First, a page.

Heck yeah. It’s not unavoidably true, but I actually think that’s why we all have a tendency to cherry pick scriptures. Because the ones that actually deal with that specific tendency are the disciplines where you actually choose to starve. You choose to go to a lonely place. Jesus did that all the time. He left, he chose to starve himself of attention from people. He did that on purpose.

Fasting. You choose to limit your intake of food on purpose so that when moments come and you feel like, “Oh my gosh, I don’t have enough right now.” You remember, “No, I’ve already had everything I need. I’ve known this before it happened.” Man doesn’t live on bread alone. He lives on the words of God, communion, oneness, connection with God.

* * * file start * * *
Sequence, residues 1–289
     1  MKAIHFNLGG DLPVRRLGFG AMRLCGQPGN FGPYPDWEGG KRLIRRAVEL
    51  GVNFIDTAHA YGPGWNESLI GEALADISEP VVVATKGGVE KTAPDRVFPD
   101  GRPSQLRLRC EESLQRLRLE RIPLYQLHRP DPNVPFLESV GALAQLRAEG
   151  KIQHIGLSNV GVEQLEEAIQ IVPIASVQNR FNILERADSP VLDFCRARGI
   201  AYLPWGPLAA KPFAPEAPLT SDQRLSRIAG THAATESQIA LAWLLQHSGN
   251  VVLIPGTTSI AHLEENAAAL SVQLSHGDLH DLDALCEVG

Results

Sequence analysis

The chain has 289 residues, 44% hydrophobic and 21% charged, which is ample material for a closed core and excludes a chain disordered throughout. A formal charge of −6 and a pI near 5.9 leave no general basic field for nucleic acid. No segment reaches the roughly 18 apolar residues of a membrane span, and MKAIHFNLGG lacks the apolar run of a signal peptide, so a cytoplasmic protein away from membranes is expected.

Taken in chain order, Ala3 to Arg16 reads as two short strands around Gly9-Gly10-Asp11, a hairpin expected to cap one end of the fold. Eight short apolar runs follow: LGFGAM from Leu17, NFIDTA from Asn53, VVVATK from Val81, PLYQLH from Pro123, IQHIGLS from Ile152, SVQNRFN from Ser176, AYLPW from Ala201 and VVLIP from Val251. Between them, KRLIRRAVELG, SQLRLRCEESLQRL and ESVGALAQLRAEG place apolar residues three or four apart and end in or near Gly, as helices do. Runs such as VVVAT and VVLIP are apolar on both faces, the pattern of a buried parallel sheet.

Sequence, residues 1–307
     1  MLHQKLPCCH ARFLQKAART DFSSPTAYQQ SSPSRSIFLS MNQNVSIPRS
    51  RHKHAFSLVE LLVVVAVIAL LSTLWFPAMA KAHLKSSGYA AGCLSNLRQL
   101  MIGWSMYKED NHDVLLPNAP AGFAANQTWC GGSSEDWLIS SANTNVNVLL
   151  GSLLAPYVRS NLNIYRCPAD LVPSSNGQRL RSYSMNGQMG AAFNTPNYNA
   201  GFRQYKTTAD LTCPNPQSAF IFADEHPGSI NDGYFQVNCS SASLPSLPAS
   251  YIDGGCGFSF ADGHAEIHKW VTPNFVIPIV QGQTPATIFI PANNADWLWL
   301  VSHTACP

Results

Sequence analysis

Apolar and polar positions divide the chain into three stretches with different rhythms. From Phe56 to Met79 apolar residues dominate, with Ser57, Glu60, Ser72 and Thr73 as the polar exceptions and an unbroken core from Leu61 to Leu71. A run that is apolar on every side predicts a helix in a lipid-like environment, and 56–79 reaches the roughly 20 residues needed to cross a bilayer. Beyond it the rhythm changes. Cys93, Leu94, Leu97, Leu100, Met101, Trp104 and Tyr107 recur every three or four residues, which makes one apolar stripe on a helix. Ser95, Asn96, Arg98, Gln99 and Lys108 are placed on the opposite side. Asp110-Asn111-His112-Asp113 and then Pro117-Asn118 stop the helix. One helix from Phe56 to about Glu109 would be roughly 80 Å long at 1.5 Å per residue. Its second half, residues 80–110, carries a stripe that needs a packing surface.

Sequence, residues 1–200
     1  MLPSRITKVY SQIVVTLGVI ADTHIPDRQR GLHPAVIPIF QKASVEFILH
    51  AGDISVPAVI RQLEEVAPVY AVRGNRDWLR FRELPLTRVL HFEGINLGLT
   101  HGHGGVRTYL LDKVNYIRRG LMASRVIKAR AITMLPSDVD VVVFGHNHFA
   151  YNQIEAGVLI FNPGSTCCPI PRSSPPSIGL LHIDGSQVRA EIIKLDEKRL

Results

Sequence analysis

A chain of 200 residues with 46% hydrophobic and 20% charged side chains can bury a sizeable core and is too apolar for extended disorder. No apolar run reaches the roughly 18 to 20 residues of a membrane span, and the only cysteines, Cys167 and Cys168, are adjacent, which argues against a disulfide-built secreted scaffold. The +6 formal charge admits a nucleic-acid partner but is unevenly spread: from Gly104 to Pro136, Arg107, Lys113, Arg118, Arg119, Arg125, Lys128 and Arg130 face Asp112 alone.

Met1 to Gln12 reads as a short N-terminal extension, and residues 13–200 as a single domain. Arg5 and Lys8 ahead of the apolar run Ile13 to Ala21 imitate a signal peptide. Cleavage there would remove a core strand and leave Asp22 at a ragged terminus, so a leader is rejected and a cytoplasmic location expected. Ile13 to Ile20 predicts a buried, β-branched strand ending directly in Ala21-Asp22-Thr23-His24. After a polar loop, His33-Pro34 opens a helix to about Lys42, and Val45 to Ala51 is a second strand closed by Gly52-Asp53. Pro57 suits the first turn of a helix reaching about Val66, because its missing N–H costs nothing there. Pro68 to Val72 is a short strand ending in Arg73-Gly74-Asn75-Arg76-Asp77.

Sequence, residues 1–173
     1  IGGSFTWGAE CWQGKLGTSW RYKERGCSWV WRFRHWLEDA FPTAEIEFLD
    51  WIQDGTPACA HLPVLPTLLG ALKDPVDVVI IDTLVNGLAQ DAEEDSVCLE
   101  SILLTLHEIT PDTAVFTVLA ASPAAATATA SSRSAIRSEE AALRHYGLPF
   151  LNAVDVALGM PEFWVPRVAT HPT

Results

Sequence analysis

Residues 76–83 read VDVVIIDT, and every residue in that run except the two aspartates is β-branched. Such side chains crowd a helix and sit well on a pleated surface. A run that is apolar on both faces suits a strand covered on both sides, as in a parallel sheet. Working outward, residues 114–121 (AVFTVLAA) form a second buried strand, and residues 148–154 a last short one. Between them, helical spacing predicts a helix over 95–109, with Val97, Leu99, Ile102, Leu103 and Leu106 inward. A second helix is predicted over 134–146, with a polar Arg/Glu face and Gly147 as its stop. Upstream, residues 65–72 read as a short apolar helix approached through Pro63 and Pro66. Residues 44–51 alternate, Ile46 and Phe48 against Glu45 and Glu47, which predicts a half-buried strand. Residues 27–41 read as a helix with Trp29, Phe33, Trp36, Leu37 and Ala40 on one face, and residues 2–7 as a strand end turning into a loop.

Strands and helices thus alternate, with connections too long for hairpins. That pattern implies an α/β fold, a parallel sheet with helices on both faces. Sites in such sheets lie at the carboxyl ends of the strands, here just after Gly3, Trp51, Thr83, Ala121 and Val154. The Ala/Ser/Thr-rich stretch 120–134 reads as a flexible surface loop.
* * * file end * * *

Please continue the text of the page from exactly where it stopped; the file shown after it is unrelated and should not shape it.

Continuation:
So the spiritual disciplines I used to cherry pick were, because I feel like the Sermon on the Mount is filled with very practitioning things that none of us want to do. Inconvenience yourself for someone else. So that your whole life, every time you’re inconvenienced, you’re not just mad. Because you do it to yourself all the time. Oh yeah, I’ll go out of my way for this person. Someone I know, someone I don’t know. Yeah, sure. I’ll lend without expecting it in return. So that when something’s stolen you’re like, “Oh, it’s fine. I didn’t really own it anyway. I already know what it feels like to hold life open handed.”

So that’s what I mean by that, the spiritual disciplines and practices that Jesus prescribed taught this. Then when someone takes something out of it, you’re like, “Oh, I wasn’t really holding onto it that way anyways.” And honestly, no one’s making us do this. No one’s making you follow Jesus. I mean, I think you’d hate your job right now if you did. No one’s forcing you. You can get another job. And I think there are very powerful, perspective-setting, life-orienting practices that if you choose to do them, when you have viewership, that’s amazing. And when you don’t viewership, that’s okay.